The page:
FIGS. 7A, B and C show various tip end constructions for the various disc members shown in FIGS. 3-6.
A first embodiment of the present invention will now be described as a flexible laser catheter useful for percutaneous insertion into a body cavity.
The catheter 10 includes a flexible body member 12 having a proximal end 14 at which there is a conventional optical feed coupling 18 and a conventional coupling 20 for injecting cooling fluids along the flexible catheter 10. The catheter 10 further includes a distal end 22 having an optical probe end 24 through which light transmitted from the coupler 18, along the catheter body 12 to the distal end 22 is emitted for medical treatment purposes. The flexible body 12 includes a portion 26 which is shown in cross-section in FIG. 2 and described next.
The flexible catheter body 12 is, of course, essentially identical along its length between the proximal and distal ends 14 and 22 as the portion 26 shown in FIG. 2.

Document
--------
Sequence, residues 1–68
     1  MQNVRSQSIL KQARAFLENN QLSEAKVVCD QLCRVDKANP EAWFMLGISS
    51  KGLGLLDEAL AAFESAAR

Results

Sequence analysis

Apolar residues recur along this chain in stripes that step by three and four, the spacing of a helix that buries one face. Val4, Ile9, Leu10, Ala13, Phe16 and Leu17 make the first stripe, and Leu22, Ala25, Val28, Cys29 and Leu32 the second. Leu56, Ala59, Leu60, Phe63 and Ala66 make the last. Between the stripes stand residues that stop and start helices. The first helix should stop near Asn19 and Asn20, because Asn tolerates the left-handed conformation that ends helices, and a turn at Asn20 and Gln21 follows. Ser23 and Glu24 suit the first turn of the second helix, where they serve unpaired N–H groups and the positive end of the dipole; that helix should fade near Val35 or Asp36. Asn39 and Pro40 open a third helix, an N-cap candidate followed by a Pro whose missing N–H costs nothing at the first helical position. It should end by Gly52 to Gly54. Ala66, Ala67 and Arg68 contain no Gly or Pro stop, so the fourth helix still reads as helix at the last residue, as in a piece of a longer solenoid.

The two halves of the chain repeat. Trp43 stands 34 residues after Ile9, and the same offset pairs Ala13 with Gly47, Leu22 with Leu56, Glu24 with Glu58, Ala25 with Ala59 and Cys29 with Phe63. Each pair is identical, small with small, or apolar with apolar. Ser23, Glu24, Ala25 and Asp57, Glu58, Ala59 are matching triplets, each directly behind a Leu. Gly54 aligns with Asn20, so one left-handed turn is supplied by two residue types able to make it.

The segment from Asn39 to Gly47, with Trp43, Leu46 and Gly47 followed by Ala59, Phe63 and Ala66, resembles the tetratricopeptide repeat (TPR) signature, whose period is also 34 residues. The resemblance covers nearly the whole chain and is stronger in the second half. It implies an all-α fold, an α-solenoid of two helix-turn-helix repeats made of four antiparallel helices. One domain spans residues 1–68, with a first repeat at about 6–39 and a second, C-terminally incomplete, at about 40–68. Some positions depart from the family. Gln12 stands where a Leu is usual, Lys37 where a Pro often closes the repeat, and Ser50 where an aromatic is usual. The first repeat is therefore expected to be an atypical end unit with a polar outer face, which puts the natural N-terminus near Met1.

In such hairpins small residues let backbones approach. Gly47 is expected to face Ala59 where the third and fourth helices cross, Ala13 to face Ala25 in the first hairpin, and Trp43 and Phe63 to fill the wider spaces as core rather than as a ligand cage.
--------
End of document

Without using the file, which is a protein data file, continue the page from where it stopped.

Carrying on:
The portion 26 includes an outer, flexible sheath 28 having a hollow longitudinal core 29 with a fiber optic rod 30 extending axially through the sheath. The fiber optic rod 30 includes an outer sleeve defined in this specific example by an inner silicone cladding 32 and an outer teflon buffer 34. The hollow longitudinal core 29 of the sheath 28 has a substantially greater inner diameter than the diameter of the outer periphery of the combination of the rod 30 and sleeve 32, 34 so as to define a void 36, and so as to permit a cooling fluid (shown by arrows in FIG. 2) to pass along the outer periphery of the rod-sleeve combination.